Tanzania officially the United Republic of Tanzania (Swahili: Jamhuri ya Muungano wa Tanzania), is a country in eastern Africa within the African Great Lakes region.
It borders Uganda to the north; Kenya to the northeast; Comoro Islands at the Indian Ocean to the east; Mozambique and Malawi to the south; Zambia to the southwest; and Rwanda, Burundi, and the Democratic Republic of the Congo to the west.
Mount Kilimanjaro, Africa’s highest mountain, is in north-eastern Tanzania.
Some prehistoric population migrations into Tanzania include Southern Cushitic speakers who moved south from Ethiopia. Eastern Cushitic people who moved into Tanzania from north of Lake Turkana about 2,000 and 4,000 years ago and the Southern Nilotes, including the Datoog, who originated from the present-day South Sudan–Ethiopia border region between 2,900 and 2,400 years ago. These movements took place at about the same time as the settlement of the Mashariki Bantu from West Africa in the Lake Victoria and Lake Tanganyika areas. They subsequently migrated across the rest of Tanzania between 2,300 and 1,700 years ago.
European colonialism began in mainland Tanzania during the late 19th century when Germany formed German East Africa, which gave way to British rule following World War I. The mainland was governed as Tanganyika, with the Zanzibar Archipelago remaining a separate colonial jurisdiction.
Following their respective independence in 1961 and 1963, the two entities merged in April 1964 to form the United Republic of Tanzania.
The United Nations estimated Tanzania’s 2016 population at 55.57 million. The population is composed of several ethnic, linguistic, and religious groups. The sovereign state of Tanzania is a presidential constitutional republic and since 1996 its official capital city has been Dodoma where the president’s office, the National Assembly, and some government ministries are located. Dar es Salaam, the former capital, retains most government offices and is the country’s largest city, principal port, and leading commercial centre.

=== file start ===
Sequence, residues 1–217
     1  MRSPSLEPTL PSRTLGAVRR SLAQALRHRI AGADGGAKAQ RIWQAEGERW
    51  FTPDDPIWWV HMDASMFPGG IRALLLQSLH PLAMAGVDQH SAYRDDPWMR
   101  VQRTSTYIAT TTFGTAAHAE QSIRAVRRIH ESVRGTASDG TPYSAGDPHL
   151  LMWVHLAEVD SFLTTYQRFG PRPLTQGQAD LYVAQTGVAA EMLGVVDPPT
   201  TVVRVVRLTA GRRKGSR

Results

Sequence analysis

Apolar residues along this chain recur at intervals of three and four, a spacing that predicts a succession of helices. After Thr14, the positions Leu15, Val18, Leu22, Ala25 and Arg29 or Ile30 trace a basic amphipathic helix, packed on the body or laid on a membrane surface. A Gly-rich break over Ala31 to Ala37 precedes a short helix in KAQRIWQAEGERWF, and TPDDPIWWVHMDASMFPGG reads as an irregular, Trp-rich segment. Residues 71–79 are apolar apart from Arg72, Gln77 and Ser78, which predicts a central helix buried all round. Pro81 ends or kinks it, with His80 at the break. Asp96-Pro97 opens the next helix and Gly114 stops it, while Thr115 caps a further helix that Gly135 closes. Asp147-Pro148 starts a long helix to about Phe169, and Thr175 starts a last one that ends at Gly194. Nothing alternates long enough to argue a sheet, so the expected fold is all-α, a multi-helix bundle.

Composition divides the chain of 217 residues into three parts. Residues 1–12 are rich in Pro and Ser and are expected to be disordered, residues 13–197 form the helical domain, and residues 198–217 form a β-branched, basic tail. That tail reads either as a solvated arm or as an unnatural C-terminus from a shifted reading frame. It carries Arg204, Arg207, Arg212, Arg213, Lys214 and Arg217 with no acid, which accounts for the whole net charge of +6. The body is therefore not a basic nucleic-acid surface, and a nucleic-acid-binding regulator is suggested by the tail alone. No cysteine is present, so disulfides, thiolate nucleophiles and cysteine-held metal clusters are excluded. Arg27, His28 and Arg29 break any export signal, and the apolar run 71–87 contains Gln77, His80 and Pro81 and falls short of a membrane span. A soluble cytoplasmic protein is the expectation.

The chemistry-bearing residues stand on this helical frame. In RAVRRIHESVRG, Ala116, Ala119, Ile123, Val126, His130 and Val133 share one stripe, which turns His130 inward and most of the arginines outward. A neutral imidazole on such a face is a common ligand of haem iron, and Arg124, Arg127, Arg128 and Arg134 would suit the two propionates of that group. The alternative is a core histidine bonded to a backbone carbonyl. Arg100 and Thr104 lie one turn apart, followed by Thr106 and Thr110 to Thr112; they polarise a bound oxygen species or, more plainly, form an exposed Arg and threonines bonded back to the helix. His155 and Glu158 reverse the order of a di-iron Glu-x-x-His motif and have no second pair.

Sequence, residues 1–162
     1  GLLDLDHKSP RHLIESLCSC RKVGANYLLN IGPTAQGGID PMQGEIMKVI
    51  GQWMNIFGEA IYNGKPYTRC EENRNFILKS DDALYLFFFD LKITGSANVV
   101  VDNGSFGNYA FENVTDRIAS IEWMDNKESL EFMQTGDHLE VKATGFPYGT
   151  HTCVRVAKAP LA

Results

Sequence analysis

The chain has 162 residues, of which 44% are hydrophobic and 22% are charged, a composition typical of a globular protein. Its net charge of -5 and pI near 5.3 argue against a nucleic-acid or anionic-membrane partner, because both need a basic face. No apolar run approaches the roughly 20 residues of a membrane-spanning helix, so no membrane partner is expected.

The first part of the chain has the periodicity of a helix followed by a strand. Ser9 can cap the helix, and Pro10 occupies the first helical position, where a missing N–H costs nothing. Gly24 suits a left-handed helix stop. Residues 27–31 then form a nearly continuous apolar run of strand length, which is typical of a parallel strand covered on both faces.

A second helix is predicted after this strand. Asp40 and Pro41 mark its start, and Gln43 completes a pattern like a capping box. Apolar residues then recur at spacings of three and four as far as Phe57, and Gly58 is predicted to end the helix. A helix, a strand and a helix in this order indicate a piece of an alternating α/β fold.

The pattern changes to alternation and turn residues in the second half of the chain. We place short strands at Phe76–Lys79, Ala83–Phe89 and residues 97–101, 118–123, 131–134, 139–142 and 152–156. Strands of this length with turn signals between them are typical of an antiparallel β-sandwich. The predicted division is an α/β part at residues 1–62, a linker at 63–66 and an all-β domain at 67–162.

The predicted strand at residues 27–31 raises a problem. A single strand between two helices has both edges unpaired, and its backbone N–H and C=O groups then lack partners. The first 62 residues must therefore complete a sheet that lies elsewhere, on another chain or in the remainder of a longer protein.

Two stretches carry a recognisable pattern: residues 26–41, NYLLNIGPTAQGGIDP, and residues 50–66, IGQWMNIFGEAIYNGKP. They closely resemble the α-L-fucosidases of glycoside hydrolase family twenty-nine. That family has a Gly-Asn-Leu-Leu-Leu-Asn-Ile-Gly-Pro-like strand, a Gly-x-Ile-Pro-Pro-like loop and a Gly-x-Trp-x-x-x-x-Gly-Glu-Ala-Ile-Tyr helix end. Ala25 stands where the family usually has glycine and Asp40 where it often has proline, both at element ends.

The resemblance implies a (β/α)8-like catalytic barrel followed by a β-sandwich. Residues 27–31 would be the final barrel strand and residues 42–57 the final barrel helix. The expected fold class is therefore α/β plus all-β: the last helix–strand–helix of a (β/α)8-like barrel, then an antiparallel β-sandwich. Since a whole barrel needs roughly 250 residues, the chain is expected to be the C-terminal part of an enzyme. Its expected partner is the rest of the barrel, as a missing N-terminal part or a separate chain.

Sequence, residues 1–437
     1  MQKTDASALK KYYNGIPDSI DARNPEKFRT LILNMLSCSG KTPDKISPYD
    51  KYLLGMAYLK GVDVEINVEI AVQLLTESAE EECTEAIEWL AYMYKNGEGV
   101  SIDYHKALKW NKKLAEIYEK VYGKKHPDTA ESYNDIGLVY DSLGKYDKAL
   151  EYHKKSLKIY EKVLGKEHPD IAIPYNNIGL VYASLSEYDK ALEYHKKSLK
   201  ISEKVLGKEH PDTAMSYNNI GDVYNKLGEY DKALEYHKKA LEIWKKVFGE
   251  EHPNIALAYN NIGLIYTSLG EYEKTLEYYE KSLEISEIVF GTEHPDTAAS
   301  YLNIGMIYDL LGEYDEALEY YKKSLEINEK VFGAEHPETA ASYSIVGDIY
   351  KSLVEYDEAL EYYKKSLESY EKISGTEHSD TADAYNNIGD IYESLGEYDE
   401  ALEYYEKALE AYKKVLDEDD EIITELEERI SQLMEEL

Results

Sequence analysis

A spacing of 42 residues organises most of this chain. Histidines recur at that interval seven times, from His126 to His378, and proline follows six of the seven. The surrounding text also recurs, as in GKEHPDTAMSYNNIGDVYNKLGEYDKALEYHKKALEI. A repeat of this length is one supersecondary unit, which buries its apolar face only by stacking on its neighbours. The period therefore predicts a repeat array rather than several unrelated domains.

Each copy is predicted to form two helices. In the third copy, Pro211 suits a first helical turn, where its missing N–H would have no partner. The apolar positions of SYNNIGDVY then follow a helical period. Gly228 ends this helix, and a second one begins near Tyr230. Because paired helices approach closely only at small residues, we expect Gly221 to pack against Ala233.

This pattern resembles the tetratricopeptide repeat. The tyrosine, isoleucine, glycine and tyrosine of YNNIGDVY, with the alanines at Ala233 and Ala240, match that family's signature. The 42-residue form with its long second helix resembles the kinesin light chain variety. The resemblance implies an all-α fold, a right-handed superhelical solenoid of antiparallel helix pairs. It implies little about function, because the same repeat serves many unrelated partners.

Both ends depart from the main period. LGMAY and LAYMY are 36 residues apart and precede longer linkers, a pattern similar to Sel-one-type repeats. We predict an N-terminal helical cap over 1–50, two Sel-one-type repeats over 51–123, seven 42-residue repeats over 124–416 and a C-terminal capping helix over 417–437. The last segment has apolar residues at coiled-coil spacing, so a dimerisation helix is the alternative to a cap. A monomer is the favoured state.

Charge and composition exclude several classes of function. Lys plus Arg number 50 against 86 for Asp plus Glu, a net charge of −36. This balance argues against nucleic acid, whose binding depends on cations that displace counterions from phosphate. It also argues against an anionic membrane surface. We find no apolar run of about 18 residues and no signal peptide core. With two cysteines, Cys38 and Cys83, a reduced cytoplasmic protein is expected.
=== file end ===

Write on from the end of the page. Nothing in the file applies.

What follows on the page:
Tanzania is a de facto one-party state with the democratic socialist Chama Cha Mapinduzi party in power.
Tanzania is mountainous and densely forested in the north-east, where Mount Kilimanjaro is located. Three of Africa’s Great Lakes are partly within Tanzania. To the north and west lie Lake Victoria, Africa’s largest lake, and Lake Tanganyika, the continent’s deepest lake, known for its unique species of fish. The eastern shore is hot and humid, with the Zanzibar Archipelago just offshore. The Kalambo Falls, located on the Kalambo River at the Zambian border, is the second highest uninterrupted waterfall in Africa. The Menai Bay Conservation Area is Zanzibar’s largest marine protected area.
Over 100 different languages are spoken in Tanzania, making it the most linguistically diverse country in East Africa. The country does not have a de jure official language, although the national language is Swahili, Swahili is used in parliamentary debate, in the lower courts, and as a medium of instruction in primary school. English is used in foreign trade, in diplomacy, in higher courts, and as a medium of instruction in secondary and higher education, although the Tanzanian government is planning to discontinue English as a language of instruction altogether. Approximately 10 percent of Tanzanians speak Swahili as a first language, and up to 90 percent speak it as a second language.